Hi everyone! My name is Nicole and I am a third year GIS major at the University of Toronto. As part of my degree, I get to take many fascinating courses related to GIS. This past semester, I completed GGR337: Environmental Remote Sensing. The course highlighted things such as satellite sensors, digital image processing, and how applications of remote sensing serve our planet. The course was deeply interesting and taught me how sensor data is used as well as collected. As part of my excitement, I wanted to share an interesting application of remote sensing.

To begin, I will summarize some basic concepts needed to understand the data I looked at for this blog post. This data was collected by an Earth observation satellite. It acquired images of reflected visible light (red, green, and blue light), as well as NIR (near-infrared). This is useful for analyzing the Normalized Difference Vegetation Index (NDVI), which is used as a measure of vegetation health and production. NDVI values range from -1 to 1, with low values being unhealthy or non-vegetated, and high values being very healthy or densely vegetated areas. We are able to determine it using how much red and NIR light a remote sensor (e.g., from a satellite) receives from a surface, and applying the following calculation:

NDVI = (NIR Red) / (NIR + Red)

With this formula, the values calculated for areas covered by full and healthy crops or dense vegetation will produce values close to 1. This is because healthy green vegetation will reflect low amounts of red light and high NIR. This index can be used to monitor the effects of phenomena such as climate change, urban sprawl, and natural disasters. Specific ranges of NDVI values can be attributed to different characteristics of vegetation and land cover (e.g., https://www.agricolus.com/en/indici-vegetazione-ndvi-ndmi-istruzioni-luso/).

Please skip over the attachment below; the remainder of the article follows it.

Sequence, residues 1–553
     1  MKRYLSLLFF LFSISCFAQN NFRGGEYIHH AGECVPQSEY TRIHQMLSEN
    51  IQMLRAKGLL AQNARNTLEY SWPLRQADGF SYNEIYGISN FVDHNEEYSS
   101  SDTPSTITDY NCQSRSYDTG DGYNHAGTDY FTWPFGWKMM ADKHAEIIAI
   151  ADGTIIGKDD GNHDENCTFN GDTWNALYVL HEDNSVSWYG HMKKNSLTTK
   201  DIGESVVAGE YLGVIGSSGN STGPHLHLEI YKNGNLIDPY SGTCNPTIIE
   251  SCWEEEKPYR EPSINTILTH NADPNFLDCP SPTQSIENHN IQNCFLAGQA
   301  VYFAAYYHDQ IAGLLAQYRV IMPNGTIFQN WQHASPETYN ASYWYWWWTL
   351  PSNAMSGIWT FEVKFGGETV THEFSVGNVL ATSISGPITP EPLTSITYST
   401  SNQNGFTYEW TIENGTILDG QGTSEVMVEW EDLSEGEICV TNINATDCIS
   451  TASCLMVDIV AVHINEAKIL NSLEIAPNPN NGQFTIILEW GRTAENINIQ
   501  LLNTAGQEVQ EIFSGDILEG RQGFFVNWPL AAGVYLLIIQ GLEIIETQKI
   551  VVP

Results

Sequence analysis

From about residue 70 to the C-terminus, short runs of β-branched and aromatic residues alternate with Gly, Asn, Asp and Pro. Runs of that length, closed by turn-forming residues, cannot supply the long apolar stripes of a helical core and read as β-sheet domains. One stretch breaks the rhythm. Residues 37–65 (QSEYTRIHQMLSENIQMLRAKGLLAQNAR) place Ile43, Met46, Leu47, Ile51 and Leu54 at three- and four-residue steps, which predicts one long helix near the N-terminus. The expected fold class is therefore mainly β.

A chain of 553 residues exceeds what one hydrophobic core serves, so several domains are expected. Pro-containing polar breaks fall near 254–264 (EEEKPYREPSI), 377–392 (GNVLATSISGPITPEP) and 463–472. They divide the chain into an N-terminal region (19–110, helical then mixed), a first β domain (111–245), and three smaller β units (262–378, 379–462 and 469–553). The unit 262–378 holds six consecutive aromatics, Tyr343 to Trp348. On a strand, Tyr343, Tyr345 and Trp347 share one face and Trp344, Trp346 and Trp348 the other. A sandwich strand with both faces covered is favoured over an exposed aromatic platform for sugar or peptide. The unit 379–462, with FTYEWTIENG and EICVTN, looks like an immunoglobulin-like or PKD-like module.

In my exploration of ArcGIS Online data, I found a recent (May 2020) application of NDVI used in Jonesboro, Arizona. The layer includes data measuring winter NDVI decline post-tornado.

The colour ramp above is used to display absolute negative change in NDVI values. The areas with NDVI values that have declined the most (colours towards the purple end of the colour range) correspond with areas where vegetation has declined. In the example shown in Figure 1, the decline in NDVI corresponds with damaged vegetation along the path of a recent tornado.

These sample data are interesting for many reasons, and because of how easily accessible it is in ArcGIS Online. A fairly large amount of innovation has made it possible for students to learn about satellites and their data over a semester and draw conclusions from them. Additionally, very little searching was needed to find recent NDVI data over ArcGIS Online! It is exciting to see how scientific literacy becomes more accessible and I cannot wait to see how it progresses.